By Helena Athoussaki, Chief Strategist and CEO of IMAREM
Despite the good progress of IMO negotiations on a global data collection system including CO2 emissions, the European Union moves quickly with the adoption of a Regulation which enters into force on 1 July 2015 and aims at establishing an EU-wide system for monitoring, reporting and verifying (MRV) emissions from large ships using EU ports.”
According to the latest IMO GHG study, international shipping has reduced its total CO2 emissions by more than 10% between 2007 and 2012. The same study forecasts however shipping CO2 emissions to increase by 50% to 250% by 2050, which would then represent a substantial part of the total global emissions.
On 24 October 2014, EU leaders agreed on an EU-wide target of an at least 40 % domestic reduction in greenhouse gas emissions by 2030 compared to 1990 levels.
Maritime shipping remains the only mean of transportation not included in the Union’s reduction commitment. In June 2013 the European Commission set out a strategy for progressively integrating maritime emissions into the EU’s policy for reducing its domestic greenhouse gas emissions. The first step of the strategy is the monitoring, reporting and verification of CO2 emissions from large ships using EU ports.
On 28 April 2015, the European Parliament endorsed the system for Monitoring, Reporting and Verification of CO2 emissions from large ships using EU ports as a first step before any market-based measure, efficiency standard or other measure is applied.
According to the EU the introduction of a robust Union MRV system is expected to lead to emission reductions and to provide ship users with aggregate and transparent data identifying the most fuel-efficient vessels, enhancing the competitiveness within the sector, with new technologies and operational measures adopted to improve efficiency and lower operational costs.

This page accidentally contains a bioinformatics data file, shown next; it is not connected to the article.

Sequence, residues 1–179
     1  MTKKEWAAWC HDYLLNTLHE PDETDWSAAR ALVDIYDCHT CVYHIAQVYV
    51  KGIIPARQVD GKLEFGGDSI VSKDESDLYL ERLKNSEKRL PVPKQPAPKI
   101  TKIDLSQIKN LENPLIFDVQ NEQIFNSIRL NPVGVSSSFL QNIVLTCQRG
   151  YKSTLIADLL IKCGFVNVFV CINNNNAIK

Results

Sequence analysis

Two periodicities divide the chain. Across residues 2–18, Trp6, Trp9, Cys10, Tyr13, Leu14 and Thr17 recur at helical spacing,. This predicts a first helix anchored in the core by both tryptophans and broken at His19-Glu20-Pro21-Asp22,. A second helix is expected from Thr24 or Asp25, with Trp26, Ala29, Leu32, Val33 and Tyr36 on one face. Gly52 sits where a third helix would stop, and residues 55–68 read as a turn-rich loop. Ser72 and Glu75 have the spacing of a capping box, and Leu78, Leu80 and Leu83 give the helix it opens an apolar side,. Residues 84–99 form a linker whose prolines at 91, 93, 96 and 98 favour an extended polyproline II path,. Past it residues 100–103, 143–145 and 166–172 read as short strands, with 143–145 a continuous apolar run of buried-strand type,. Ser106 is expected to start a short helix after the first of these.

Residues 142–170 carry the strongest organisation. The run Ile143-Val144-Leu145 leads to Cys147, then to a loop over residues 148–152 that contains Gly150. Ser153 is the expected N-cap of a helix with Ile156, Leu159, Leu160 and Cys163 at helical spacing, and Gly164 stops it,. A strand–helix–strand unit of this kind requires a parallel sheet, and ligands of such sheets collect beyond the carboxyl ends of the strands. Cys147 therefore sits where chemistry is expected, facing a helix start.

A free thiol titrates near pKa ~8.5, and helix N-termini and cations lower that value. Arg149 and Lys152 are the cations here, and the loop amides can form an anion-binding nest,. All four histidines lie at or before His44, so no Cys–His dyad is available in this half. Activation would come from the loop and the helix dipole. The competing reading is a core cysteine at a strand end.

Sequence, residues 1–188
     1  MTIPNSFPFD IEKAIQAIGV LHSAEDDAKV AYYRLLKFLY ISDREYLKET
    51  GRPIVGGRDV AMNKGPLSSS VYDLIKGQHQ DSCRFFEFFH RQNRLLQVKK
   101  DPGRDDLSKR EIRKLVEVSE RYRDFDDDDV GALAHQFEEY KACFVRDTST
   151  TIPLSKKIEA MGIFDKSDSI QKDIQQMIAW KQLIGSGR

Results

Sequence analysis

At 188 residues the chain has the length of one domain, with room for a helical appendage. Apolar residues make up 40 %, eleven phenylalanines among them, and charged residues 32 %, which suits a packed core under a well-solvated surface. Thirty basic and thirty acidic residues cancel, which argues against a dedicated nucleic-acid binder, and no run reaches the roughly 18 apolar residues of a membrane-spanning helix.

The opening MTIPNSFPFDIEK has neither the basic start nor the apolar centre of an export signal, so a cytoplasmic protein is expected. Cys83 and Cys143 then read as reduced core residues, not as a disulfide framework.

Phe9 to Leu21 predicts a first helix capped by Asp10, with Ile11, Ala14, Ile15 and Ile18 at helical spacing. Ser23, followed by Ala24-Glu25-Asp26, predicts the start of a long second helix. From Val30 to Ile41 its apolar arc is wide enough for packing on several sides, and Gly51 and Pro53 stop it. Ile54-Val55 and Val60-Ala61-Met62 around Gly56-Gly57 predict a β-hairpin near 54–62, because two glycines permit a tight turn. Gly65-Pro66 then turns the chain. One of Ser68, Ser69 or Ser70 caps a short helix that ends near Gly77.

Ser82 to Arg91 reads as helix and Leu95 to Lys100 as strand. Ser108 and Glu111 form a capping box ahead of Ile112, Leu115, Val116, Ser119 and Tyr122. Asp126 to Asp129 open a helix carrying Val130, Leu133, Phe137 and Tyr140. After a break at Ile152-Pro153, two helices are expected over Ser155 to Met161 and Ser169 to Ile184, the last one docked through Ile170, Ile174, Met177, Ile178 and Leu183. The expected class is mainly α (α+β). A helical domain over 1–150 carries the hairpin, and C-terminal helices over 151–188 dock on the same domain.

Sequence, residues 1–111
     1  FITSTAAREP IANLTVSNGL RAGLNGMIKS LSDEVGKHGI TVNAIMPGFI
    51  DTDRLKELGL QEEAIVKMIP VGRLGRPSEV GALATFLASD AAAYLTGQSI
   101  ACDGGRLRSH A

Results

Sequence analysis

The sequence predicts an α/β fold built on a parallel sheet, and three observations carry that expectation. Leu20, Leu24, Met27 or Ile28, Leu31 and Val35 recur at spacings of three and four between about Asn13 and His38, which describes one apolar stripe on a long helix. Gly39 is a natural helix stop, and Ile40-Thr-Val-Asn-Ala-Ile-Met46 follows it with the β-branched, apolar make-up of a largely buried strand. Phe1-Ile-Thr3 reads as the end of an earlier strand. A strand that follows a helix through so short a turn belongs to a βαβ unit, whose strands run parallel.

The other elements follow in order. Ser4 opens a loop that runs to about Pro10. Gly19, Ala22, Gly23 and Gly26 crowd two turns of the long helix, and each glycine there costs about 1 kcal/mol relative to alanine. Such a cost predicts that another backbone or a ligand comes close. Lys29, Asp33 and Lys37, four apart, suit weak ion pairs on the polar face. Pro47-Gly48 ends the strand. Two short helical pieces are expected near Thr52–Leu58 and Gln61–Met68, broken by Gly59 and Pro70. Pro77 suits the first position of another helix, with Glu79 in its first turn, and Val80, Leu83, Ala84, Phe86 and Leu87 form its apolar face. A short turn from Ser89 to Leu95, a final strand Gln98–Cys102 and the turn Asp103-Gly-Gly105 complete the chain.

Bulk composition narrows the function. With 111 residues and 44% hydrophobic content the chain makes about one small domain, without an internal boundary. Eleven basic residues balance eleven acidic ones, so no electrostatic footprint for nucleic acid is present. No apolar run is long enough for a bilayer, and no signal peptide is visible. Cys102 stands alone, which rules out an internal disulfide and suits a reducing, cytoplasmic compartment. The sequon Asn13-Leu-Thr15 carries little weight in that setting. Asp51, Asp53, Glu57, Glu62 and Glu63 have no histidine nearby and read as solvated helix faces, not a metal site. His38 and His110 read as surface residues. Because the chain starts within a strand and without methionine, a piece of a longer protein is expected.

The shipping industry is disappointed by the Parliament’s vote since there was very good progress in the last MEPC 68 meeting on global data collection system including CO2 emissions.
It is noteworthy that during that meeting, the Marshal Islands called on IMO to step up its efforts towards the climate change crisis and asked for a carbon reduction target in shipping, an issue which was extensively discussed but not delivered.
Furthermore, the shipping industry is concerned with the publication of commercially and operationally sensitive data and it is claimed that the activity data requested is related only to the past commercial utilization of a ship and thus serves no value for assessing ship’s future performance capability.
There are many challenges that EU may encounter in implementing an MRV system and introducing uniform rules. The system must (a) fully align with a global system in case IMO comes with a global data collection system prior to the first monitoring year 2018 and (b) be applicable to reflect the international nature of shipping, the ownership of the fleet as well as the complex and highly technical nature of the sector.
The proposed MRV might involve a certain level of administration complexity due to its reporting procedures, the information templates and the various parties involved requiring from ship owners and operators to design an effective risk free MRV management system.
Concluding and on the positive side, the MRV system could be a good platform for self-assessment and improvement as it well known that you cannot reduce something without measuring it first.
How EU MRV works
The Union MRV Regulation creates an EU-wide legal framework for collecting and publishing verified annual data on CO2 emissions and energy-efficiency related information from all ships over 5 000 gross tons that use EU ports, regardless of their flag or ownership
From January 2018 onwards, companies will have to monitor and report the verified amount of CO2 emitted by their large ships on voyages to, from and between EU ports. Companies are also required to provide certain other aggregated annual information, such as data to determine the ships’ energy efficiency.”
The activity data falling under the scope of the Regulation that shall be reported is:
the fuel consumption and the resulting CO2 emissions;
The sailed distance;
The steaming time;
The time at berth or anchorage; and
The transported quantity of cargo.
There are 4 accepted monitoring methodologies for estimating the CO2 emissions.
Bunker Fuel Delivery Note (BDN) and periodic stock takes of fuel tanks
Bunker fuel tank monitoring on board
Flow meters for applicable combustion processes
Direct emissions measurements
Companies are flexible to use a combination of these methodologies, if this enhances the overall accuracy of the monitoring.
A ship-specific monitoring plan and the annual emission report will be subject to verification by accredited verifiers. Companies shall then submit the verified documents to the European Commission and the Flag States which are held responsible for ensuring the enforcement of the MRV (possibly Port Authorities under the existing Port State Control regime). In the case of ships having failed to comply with the Regulation, the option of detention or expulsion may be enforced.